“On the other hand, small to mid-sized European startups could see a much more level playing field. They will be able to create their own app stores, have greater opportunities to promote their products, gain access to valuable data held by tech giants and build products and services that work across all major platforms.

“Taken at face value the DMA seems like a huge win for European startups but questions remain about who will ultimately benefit and what this will mean for consumers. There is a risk that big tech companies that are not classed as gatekeepers actually see the largest advantage, and are given free reign to further squeeze small to mid-sized startups.”

“Big tech companies often have a difficult reputation with the public, but it’s worth noting, for example, that Apple’s App Store is currently free from any malware.

“Indeed, large tech companies are generally good at ensuring their platforms are safe for their users. However, the DMA may result in standards slipping substantially because existing security checks will not be possible for all side-channels.

Smaller companies will also be able to more easily set up their own platforms – such as rival app stores – which is of course good, but it runs the risk of users not being fully protected because these startups do not have adequate resources.”

“There are also questions on enforceability. On paper, the DMA offers up to a 10% of turnover fine for non-compliance. However, we have seen from the sporadic enforcement of GDPR that actually realising Europe-wide tech standards is easier said than done.”

“US and UK startups could see big benefits from the implementation of DMA. With a more level playing field than their home countries, startups operating in these countries may see the EU as a faster and easier place to scale.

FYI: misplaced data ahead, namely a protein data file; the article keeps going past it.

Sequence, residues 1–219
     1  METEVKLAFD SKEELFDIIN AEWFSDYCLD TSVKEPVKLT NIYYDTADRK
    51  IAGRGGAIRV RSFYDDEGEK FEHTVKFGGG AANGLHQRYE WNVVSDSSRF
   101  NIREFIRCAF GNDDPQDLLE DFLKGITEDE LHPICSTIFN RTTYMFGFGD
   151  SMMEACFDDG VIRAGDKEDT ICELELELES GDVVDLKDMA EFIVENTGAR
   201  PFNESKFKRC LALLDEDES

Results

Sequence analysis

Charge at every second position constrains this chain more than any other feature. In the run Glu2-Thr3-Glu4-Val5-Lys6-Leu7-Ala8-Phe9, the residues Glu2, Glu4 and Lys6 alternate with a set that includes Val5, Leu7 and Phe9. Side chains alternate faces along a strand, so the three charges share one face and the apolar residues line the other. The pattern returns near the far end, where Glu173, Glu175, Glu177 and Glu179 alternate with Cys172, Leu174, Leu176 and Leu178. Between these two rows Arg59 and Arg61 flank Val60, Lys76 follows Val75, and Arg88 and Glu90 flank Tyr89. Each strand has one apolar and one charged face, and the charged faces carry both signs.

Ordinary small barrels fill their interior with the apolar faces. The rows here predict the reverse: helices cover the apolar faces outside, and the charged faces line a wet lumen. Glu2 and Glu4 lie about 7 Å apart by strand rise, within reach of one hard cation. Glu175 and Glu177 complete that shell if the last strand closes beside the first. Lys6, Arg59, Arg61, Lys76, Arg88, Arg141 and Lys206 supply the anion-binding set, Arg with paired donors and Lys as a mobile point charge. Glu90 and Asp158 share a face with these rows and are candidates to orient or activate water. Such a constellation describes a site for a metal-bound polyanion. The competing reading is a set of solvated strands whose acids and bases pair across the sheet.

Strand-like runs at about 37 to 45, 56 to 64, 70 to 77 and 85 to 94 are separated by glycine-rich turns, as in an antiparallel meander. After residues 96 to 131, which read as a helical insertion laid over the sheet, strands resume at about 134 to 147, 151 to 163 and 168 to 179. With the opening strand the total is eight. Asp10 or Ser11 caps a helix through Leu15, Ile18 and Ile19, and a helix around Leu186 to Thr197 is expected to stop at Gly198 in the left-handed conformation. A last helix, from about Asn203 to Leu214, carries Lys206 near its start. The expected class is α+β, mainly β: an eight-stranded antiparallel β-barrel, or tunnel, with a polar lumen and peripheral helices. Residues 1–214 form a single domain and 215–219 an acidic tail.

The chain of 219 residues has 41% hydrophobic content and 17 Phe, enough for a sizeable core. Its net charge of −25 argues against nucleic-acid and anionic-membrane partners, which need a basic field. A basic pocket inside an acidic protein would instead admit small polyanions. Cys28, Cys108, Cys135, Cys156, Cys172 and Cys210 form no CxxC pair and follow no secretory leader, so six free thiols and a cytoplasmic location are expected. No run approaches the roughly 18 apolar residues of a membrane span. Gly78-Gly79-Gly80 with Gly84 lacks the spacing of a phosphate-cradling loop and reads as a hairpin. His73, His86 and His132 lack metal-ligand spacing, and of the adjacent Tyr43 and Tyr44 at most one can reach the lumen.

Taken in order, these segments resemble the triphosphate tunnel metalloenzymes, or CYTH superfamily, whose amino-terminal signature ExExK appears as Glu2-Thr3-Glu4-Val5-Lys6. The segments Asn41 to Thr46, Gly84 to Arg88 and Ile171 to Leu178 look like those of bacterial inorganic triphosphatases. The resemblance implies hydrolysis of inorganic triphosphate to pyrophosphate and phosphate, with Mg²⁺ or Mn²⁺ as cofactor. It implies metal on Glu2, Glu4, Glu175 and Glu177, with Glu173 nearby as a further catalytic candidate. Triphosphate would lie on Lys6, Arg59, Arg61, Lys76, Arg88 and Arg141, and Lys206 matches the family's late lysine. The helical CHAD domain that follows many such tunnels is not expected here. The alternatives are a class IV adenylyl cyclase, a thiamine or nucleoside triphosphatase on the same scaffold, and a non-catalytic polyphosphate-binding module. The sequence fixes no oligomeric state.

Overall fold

“We may see a change in the traditional dynamic of US startups using the UK as a gateway into Europe. With Brexit causing a diversion in regulations and the DMA now making the EU a more hospitable environment for small to mid sized startups, cities like Berlin and Paris could trump London as a home for growing US tech startups.”

“Similarly, some UK entrepreneurs may consider the DMA as providing a significant enough advantage that they decide to found and grow their business in the EU rather than the UK.

“I do not think we’re going to see a flight of startups from the UK but for some startups, particularly those operating in martech, apps and data, the DMA could be a big draw – at least until the UK passes its own equivalent legislation.”

“We shouldn’t underestimate the DMA’s potential impact on advertising and marketing. The Act tackles companies like Google unfairly promoting their services above rivals. It also ends the practice of preinstalled apps and the bundling of data from services owned by the same company.”

“This will have a big impact on the SEO industry. Significantly, because the Act encourages more competition among platforms we could see an explosion in new services for consumers.

“This does run the risk of a more fragmented customer experience but it also enables better data sharing and insights. Marketers can more easily see the impact of their campaigns and understand the relative value of advertising and engaging customers on different platforms.

“It could also accelerate the adoption of composable martech solutions that are capable of interacting easily with numerous platforms. As the number of ways to reach customers grows, marketers will prioritise marketing solutions that enable them to easily build and manage campaigns on multiple platforms.”